Stepladder Safety

Workers who use stepladders in construction face many risks including permanent injury, death, or electrocution. OSHA’s requirements for stepladders are outlined in Subpart X—Stairways and Ladders in the OSHA standards. Hazards can be reduced greatly by following the below good stepladder safety practices.

OSHA defines a stepladder as a portable self supporting A frame ladder that has two front rails and two rear side rails. There are steps mounted between the front side rails and bracing between the rear side rails.

A competent person should visually inspect the stepladder for defects that could cause their unsafe use. These defects can include:

  • Structural damage such as split or bent side rails, broken or missing rungs, or damaged safety devices
  • Dirt or grease that could cause slips or falls
  • Paint or stickers that could hide defects

Safe Stepladder use includes:

  • Look for overhead power lines before climbing or moving a ladder
  • Maintain a 3 point contact when climbing or going down
  • Use a barricade to keep traffic away from the ladder
  • Put ladders on stable and level surfaces that are not slippery.

When using a stepladder avoid using it for a purpose other than it was designed for. Do not use a stepladder as a single ladder. Make sure the spreaders are locked and in the correct position before use. Do not stand on the top step or cap of the ladder. Never move or shift a ladder with another person on it. Never use a damaged ladder and avoid leaving tools or materials on the ladder. Also, do not use a metal ladder near power lines or electrical equipment.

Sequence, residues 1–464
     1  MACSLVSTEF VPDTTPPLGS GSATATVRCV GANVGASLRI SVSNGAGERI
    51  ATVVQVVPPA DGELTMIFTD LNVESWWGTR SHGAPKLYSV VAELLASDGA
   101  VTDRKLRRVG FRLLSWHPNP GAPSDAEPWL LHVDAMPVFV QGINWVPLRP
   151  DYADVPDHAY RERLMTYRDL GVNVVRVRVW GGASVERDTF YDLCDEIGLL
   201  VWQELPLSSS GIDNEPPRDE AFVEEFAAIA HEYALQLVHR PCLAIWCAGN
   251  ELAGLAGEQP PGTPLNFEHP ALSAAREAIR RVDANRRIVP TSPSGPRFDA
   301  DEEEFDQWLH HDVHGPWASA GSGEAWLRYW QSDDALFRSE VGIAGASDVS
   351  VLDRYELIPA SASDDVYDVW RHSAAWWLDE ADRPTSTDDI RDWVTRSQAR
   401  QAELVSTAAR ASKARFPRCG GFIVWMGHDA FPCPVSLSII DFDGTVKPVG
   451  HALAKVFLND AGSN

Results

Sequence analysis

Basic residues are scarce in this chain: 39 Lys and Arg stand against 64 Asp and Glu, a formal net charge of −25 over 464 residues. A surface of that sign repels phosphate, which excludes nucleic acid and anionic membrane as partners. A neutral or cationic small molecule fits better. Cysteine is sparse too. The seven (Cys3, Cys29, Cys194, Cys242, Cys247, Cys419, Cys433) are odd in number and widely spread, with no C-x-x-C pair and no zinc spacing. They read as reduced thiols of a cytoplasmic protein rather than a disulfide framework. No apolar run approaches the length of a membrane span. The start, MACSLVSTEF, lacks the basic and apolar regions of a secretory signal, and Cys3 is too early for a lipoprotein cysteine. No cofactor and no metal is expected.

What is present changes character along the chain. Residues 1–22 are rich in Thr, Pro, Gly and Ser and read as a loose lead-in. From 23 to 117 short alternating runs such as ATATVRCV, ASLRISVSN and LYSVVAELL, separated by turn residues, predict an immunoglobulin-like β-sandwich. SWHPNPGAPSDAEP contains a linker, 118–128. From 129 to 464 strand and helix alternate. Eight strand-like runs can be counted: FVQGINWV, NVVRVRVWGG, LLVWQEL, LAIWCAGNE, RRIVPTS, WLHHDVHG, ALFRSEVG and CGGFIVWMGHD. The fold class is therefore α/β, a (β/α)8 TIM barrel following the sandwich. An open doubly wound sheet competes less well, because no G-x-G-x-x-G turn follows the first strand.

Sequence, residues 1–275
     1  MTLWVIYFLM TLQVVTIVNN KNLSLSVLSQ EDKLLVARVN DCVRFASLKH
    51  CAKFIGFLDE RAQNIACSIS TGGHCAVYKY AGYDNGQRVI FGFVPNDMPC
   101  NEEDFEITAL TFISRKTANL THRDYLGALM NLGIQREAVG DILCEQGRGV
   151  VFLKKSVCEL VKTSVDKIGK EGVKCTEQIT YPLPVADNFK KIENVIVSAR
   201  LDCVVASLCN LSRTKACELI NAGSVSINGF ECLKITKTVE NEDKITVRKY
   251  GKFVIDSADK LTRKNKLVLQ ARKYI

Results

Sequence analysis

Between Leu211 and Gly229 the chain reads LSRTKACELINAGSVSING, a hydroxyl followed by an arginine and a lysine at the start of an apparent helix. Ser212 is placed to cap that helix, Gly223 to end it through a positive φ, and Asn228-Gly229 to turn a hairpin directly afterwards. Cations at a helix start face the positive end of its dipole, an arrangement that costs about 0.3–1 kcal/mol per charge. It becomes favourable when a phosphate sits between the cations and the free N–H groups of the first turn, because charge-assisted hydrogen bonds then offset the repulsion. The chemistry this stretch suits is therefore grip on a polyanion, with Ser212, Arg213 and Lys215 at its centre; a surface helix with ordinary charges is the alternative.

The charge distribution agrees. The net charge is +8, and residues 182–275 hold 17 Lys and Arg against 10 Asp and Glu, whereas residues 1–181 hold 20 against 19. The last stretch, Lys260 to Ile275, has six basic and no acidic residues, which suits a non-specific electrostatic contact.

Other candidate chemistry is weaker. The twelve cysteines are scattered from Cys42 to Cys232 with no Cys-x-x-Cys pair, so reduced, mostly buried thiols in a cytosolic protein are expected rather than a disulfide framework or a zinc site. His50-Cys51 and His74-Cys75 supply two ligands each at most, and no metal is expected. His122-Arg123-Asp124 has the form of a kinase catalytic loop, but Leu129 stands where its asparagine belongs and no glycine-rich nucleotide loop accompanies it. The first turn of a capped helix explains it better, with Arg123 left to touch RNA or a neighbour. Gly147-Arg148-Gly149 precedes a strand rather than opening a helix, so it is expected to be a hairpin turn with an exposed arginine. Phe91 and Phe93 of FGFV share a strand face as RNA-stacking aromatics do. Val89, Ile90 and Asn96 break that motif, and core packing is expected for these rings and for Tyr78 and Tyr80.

Disclaimer: The information and suggestions contained in these safety talks are believed to be reliable. However, the authors of the topics and the owners of this web site accept no legal responsibility for the correctness, sufficiency, or completeness of such information or suggestions contained within these topics. These guidelines do not supercede local, state, or federal regulations and must not be construed as a substitute for, or legal interpretation of, any OSHA regulations.